Many credit card companies will code certain purchases as cash advances if they consider the purchase to be a cash equivalent transaction. This means that you are buying something that acts like cash.

For example, if you use your credit card to place a bet at a casino or racetrack, your issuer will likely consider that purchase to be a cash advance. Other types of purchases that may qualify as cash equivalents may include money orders, lottery tickets, travelers’ checks, cryptocurrency, and some gift cards.

How to repay a cash advance by credit card

As we discussed above, a credit card cash advance starts earning interest – at a high rate – as soon as the transaction reaches your account. This means you need to repay the cash advance as soon as possible, such as in “don’t even wait for your credit card bill to come in” soon.

If nothing else, try to make more than your required minimum payment each month while you are working to pay off your cash advance. Otherwise, you could earn interest on this advance for a long time.

You see, your cash advance balance is separate from other balances you carry on your credit card, including your purchase balance and the amount you owe on any balance transfer. The card issuer can apply the minimum payment amount to any of your balances, and they usually choose the one with the lowest interest rate.

So by making only the minimum payment, your entire payment can be applied to reduce your purchase balance, while your more expensive cash advance balance does not decrease at all.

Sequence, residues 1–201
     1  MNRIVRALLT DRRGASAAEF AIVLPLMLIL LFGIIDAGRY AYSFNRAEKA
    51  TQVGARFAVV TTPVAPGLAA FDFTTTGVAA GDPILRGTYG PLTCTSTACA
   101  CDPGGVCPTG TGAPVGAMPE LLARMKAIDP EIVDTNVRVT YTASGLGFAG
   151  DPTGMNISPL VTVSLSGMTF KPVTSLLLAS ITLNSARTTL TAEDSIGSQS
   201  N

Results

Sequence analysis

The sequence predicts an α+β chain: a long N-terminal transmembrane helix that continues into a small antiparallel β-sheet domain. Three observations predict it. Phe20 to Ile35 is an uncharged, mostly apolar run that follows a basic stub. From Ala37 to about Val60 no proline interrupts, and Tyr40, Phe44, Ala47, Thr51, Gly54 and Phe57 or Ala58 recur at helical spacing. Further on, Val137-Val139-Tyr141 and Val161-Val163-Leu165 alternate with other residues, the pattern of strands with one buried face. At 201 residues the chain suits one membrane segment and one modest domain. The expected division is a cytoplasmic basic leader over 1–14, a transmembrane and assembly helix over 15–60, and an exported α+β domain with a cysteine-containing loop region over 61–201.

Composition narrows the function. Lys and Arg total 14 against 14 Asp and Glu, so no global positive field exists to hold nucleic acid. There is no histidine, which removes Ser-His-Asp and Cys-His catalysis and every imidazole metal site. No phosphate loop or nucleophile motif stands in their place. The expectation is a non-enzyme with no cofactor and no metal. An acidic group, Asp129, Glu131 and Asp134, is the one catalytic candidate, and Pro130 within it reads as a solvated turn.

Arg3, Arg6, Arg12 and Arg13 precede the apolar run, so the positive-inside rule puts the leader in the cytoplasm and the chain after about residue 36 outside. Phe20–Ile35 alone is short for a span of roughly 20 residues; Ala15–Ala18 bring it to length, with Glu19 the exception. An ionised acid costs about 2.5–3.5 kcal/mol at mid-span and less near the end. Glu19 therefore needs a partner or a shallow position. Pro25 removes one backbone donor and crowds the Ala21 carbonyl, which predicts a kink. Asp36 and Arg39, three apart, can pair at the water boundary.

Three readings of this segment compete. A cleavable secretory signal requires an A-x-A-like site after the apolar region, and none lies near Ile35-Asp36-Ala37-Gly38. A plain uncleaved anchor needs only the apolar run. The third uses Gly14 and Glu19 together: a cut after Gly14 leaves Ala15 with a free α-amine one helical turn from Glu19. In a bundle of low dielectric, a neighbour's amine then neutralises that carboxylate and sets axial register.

If you pay more than the minimum payment, however, the CARD Act – a consumer protection law passed in 2009 – changes that. Creditors are required to apply any amount in excess of your minimum payment to the balance of the upper interest rate, which will likely be your cash advance.

When Should You Get a Credit Card Cash Advance?

Generally speaking, the transaction fees, immediate interest, and high APRs associated with a credit card cash advance mean you should avoid them whenever possible. However, in some cases, this may actually be the best option.

For example, if you need a small amount of cash quickly and are considering a payday loan, a credit card cash advance may be the best choice. Short-term predatory loans will almost always be more expensive than a cash advance with a credit card.

And a credit card cash advance is definitely a better choice than being evicted for not paying your rent or for defaulting on another credit account. Plus, if you’re abroad and need quick access to cash, a credit card cash advance can save your life.

Alternatives to a credit card cash advance

While some situations may require a credit card cash advance, this should never be your first option. Depending on your needs, you may have other choices that make more sense.

On the one hand, you should consider whether you can use your credit cards to make a purchase, rather than a cash advance. Most businesses accept credit cards these days, including many utility and rental companies. While they may charge a processing or convenience fee, it should still be cheaper than a credit card cash advance.

Alternatively, low interest personal loans can be a good way to get the cash you need. They can be especially useful for any large purchase that you might need to pay off over a year or more.